All this will not prevent Cosimo, a member of the humanist conspiracy and a great patron of the arts, returning from exile, from wanting to honor him. But in the absence of the bronze equestrian statue (which had been promised to him…), Florence, will only offer him a fresco in the nave of Santa Maria del Fiore, that is to say under right under the cupola of the Duomo.

UV study of Uccello’s fresco showing condottiere with helm.

From the very beginning, Paolo Uccello’s fresco seems to have stirred quite a controversy. A preparatory drawing in the collections of Florence’s Uffizi Museum indicates the commander, more armed, taller, and, with his horse in a more military position. Uccello had originally depicted Hawkwood as « more threatening », with his baton raised and horse « at the ready ».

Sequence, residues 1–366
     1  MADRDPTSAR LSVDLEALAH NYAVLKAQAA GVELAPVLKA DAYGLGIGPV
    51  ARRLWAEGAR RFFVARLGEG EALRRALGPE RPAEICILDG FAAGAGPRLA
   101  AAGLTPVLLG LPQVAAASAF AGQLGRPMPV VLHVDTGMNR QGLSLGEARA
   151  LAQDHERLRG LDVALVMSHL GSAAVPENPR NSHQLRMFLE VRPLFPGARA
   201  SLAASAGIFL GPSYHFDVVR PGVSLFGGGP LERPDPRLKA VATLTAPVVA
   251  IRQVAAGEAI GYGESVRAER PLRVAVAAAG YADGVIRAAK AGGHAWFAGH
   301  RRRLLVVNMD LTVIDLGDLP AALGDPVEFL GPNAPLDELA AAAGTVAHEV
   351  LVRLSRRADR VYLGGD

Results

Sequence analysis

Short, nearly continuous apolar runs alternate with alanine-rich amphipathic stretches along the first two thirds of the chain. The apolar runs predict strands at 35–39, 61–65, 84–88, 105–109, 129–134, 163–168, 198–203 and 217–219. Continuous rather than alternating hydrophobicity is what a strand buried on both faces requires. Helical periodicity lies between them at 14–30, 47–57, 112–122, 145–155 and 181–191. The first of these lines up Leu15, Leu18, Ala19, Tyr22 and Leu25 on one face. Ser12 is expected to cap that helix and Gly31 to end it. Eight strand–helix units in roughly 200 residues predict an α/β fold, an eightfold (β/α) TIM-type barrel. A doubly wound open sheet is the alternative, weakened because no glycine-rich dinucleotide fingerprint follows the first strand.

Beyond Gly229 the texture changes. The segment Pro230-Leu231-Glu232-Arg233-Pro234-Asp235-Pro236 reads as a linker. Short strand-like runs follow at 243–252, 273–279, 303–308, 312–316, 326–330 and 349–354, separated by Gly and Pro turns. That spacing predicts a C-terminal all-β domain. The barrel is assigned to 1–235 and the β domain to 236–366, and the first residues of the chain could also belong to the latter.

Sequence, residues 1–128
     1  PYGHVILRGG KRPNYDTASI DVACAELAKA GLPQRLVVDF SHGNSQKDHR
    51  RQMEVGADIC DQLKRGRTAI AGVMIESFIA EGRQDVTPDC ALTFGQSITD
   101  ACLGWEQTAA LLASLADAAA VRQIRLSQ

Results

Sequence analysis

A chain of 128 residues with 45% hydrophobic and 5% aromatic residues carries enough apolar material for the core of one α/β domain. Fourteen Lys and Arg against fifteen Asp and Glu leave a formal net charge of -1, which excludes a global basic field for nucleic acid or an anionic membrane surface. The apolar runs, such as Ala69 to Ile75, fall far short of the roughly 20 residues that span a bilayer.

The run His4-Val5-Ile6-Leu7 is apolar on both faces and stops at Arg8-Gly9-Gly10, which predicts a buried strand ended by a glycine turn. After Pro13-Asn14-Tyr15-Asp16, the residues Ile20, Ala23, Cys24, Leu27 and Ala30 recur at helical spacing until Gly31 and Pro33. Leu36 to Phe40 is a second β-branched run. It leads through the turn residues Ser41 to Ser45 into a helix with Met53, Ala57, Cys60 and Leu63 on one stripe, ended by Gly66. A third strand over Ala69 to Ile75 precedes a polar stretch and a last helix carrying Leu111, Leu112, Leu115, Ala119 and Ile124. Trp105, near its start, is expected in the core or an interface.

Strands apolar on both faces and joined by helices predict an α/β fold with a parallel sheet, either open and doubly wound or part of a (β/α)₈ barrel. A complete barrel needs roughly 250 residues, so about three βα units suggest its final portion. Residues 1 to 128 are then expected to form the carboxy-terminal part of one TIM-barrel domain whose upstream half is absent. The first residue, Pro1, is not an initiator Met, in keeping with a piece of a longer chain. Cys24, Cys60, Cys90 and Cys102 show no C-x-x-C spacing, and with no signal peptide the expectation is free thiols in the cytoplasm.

A recent ultraviolet study confirms the fact that the painter had originally depicted the condottiere armed from head to toe. In the final version, he wears a sleeveless jacket, the giornea, and a coat; only his legs and feet are protected by a piece of armor. The final version presents a less imposing rider, less warlike, more human and more individualized

In the dispute, it was not Uccello who was considered faulty, but his sponsors. Moreover, the painter was quickly given the task of redoing the fresco in a way deemed “more appropriate”.

John Hawkwood par Uccello, détail.